With prostate cancer increasingly becoming common among men particularly in metros — it has moved from being the eighth most common cancer in males in 1990s to the third rank by 2015—the Indian Council of Medical Research (ICMR) has released a set of draft guidelines for the management of the disorder that affects mainly elders above 50.
According to the Government data, there were 37416 reported prostate cancer cases in 2016 in India which will increase to 41532 in 2020. Prostate cancer incidence is expected to increase to over 47,000 cases by 2025.
Seeking comments from the scientific community on the draft, the ICMR has however clarified that the ‘Draft Consensus Document for Management of Prostate Cancer’ represents the current thinking of experts on the topic based on available evidence.
“This document has been developed by national experts in the field and does not in any way bind a clinician to follow this guideline verbatim. One can use an alternative mode of therapy on the basis of discussions with the patient and institution and national or international guidelines,” said the ICMR.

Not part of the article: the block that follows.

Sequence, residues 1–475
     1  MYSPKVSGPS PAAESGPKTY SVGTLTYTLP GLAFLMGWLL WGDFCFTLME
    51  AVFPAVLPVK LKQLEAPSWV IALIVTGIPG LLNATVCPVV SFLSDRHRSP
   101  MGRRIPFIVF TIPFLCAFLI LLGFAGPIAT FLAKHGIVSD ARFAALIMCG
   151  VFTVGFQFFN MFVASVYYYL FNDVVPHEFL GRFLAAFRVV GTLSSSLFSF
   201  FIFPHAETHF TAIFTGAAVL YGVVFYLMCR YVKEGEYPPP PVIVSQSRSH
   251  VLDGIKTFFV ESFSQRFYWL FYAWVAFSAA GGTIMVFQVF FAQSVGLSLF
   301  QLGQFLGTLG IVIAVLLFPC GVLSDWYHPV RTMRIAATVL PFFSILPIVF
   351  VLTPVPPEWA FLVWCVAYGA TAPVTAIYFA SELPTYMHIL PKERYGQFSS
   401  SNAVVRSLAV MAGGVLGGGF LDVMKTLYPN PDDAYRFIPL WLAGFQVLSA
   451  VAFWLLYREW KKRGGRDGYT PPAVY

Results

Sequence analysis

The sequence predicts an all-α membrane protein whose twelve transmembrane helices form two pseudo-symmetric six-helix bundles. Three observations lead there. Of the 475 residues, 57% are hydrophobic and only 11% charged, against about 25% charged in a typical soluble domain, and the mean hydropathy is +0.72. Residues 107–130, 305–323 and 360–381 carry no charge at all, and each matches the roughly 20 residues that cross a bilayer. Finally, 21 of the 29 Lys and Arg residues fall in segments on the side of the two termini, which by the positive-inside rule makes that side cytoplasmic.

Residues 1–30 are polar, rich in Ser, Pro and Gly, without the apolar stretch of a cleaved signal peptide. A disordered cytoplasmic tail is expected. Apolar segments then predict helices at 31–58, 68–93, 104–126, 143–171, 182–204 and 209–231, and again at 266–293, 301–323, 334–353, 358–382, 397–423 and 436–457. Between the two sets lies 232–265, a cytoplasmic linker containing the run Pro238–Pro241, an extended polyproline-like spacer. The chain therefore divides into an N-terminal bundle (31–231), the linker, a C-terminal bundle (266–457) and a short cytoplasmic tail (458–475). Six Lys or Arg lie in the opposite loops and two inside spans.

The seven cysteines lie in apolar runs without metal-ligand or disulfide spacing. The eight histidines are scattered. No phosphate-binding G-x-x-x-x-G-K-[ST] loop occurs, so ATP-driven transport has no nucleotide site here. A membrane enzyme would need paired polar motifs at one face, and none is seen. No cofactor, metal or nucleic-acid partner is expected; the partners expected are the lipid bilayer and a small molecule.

It also made it clear that the mention of pharmaceutical drugs for therapy does not constitute endorsement or recommendation for use but serves as a guide for clinicians in complex decision-making processes.
According to a draft document which has been prepared ‘as an outcome of ICMR’s Subcommittee on Prostate’, cancer appears to be a growing problem in males in India. According to various studies, six out of ten cases are diagnosed in men over 65, but less than 1% in men under 50. Though uncommon, prostate cancer can be seen in men even in their 30’s and 40’s.
As per the NCDIR database, prostate cancer features amongst the top 10 cancers in urban cancer registries of Bangalore, Delhi, Bhopal and Mumbai. However, in rural areas, it seems to be less of a menace.
“Prostate cancer has moved from being the eighth most common cancer in males in the 1990s to being the third most common cancer in Delhi and Mumbai by 2014. Similarly, in Bangalore, it has become the third most common cancer from being seventh in 1990s.
“ Prostate cancer numbers constitute about 3% of total cancer cases in the country. Mean age of incidence of prostate cancer in India is 69.7 years,” as per the draft document which gives insight of clinical status, evidence and mode of therapy for low risk, intermediate risk and high risk prostate cancer for the perusal of the health experts in the sector.